This Fall we’ve had some trees on our property come down and so I’ve been busy cutting and stacking the wood. Although it’s labour intensive, I also find it satisfying to watch that stack of wood get higher and higher.
The boys are old enough to help out with the smaller wood splitting jobs and they use this good quality 36 inch splitting axe by Fiskars (7630-234 $84.99). It’s a nice weight and basically “one-strike splits.” Visit us in store to purchase your own.
But when it comes splitting larger chunks of wood, an axe won’t do the job and a maul becomes the tool of choice. A maul has a much fatter, blunter head and a wider wedge to “split” through the wood and its weight gives you a lot more power.
TIP: Avoid chopping wood directly on the ground because this softer surface can damage the edge of your axe or maul. My preferred chopping surface is a tree stump but a large block of wood, short and wide, will also absorb the blow nicely.
I’m getting a bit older (and wiser!) so when I considered the number of cords I’d be splitting and stacking this year, I invested in this Benchmark gas log splitter (Reg. $1199.99, on Sale $999.97 until Oct 20th, 2021). It has made the task a lot easier and faster!
We also carry electric log splitters including the Benchmark brand (Reg. $549.99 Sale $399.97 until Oct 20th, 2021) and Radley brand (Reg. $299.99).
DID YOU KNOW?: Firewood is sold in measurements called cords and half-cords. A cord of stacked firewood measures 8 feet long by 4 feet high by 4 feet deep, or 128 cubic feet. A half-cord is half as long (so 4 feet × 4 feet × 4 feet), or 64 cubic feet.To make the job of stacking easier, I highly recommend a log stacker like this one by MD Building Products (5515-781 $18.49) . It keeps my firewood neatly stacked and easily accessible. It can stack up to one face cord and it keeps the logs off the ground so they stay dry.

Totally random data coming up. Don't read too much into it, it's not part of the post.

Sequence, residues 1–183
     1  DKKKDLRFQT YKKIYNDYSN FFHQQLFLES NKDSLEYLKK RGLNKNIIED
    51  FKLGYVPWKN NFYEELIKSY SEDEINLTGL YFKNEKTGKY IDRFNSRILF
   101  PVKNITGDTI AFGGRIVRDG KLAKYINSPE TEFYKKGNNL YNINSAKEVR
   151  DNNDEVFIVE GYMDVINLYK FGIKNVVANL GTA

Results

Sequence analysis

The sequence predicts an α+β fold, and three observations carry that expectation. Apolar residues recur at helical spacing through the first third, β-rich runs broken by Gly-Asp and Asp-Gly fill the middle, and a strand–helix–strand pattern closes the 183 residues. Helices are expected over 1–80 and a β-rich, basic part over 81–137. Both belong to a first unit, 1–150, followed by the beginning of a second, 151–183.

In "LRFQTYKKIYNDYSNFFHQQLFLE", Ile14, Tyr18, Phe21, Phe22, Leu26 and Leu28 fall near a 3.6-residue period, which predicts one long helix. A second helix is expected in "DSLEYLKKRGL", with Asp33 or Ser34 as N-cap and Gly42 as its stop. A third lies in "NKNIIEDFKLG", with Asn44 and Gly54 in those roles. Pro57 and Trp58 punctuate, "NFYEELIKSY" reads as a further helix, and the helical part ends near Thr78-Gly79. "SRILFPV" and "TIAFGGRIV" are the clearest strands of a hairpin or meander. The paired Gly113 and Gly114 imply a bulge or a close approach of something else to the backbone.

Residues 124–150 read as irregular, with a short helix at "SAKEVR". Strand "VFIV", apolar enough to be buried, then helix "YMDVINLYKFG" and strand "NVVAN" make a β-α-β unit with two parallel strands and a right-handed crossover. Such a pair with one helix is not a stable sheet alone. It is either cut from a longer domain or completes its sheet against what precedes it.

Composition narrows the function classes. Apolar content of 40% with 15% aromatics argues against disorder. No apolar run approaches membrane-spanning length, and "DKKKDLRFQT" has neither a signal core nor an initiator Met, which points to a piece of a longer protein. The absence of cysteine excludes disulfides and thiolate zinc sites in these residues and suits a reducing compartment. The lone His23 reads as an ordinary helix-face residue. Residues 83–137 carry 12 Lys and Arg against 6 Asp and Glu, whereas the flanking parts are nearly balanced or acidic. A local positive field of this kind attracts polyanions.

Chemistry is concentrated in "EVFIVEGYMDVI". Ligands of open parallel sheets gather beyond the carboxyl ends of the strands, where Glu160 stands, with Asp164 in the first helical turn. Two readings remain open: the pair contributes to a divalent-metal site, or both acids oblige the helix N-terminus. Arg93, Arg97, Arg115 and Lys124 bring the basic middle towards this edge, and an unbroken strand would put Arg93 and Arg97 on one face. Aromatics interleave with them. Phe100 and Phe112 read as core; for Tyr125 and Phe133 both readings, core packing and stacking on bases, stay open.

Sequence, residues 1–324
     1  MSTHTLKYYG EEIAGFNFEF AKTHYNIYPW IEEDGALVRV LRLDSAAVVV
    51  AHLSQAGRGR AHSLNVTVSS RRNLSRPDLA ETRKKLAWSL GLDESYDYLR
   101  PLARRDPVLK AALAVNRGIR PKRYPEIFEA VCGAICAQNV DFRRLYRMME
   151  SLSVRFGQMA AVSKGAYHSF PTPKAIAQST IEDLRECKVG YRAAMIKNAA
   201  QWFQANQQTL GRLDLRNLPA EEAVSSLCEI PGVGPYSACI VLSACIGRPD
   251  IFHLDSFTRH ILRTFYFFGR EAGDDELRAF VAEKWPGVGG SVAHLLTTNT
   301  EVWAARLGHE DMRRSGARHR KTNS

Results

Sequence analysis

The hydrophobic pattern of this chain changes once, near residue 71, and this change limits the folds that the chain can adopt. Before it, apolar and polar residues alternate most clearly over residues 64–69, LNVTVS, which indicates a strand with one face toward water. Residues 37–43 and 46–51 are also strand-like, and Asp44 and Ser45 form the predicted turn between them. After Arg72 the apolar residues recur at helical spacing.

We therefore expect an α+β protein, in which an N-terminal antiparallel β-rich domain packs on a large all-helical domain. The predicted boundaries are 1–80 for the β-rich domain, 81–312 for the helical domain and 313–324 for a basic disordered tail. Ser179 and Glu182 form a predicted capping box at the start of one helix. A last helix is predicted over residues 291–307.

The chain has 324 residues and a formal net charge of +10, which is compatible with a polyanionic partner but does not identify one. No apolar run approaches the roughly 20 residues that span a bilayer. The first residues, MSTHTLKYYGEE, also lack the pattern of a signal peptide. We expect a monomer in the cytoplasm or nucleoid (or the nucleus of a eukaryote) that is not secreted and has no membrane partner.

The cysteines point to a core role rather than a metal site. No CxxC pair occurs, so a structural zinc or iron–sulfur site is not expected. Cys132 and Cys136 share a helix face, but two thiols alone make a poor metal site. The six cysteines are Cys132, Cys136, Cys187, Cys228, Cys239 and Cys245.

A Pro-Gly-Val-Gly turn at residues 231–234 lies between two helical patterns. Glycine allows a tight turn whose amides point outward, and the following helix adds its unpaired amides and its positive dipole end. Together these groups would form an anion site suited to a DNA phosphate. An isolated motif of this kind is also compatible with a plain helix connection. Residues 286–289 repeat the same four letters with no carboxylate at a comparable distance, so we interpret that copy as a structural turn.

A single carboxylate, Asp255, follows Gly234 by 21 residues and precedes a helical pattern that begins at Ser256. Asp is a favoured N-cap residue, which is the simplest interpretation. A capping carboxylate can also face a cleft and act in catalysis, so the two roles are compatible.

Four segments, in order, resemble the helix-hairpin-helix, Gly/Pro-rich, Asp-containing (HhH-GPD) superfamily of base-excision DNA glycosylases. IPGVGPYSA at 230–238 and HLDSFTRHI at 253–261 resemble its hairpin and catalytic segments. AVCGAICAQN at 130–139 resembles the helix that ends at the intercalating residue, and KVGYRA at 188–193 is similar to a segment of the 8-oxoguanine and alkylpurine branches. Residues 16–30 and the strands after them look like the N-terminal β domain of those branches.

TIP: When stacking wood try using a crisscross pattern - alternate between vertical and horizontal directions as you pile. It will result in not only a more stable woodpile but also let the wood breathe so it stays dry.
My wife Rose likes everything around the house “look nice” including the wood (sigh!), so she recently brought home this black mission-style log rack that’s both functional and attractive. We also carry these 4 foot and 8 foot deluxe log racks (5515-776 and 5515-777) as well as their covers (5515-778 5515-779).
Patience is a virtue when it comes to being able to burn your woodpile. The rule of thumb is that firewood should be stored for a minimum of 6 months, ideally in a location it will get a lot of sun and wind, so it dries out adequately. You don’t want it to get rained on consistently so cover the top of it (but not the sides) with a tarp or invest in a cover.
How to tell if it’s ready to burn? I check to see if it has lightened in colour to a light grey or tan. I hit two pieces together and want to hear a solid cracking noise and not a dull thud. Another promising sign is if some of the bark has started to fall off.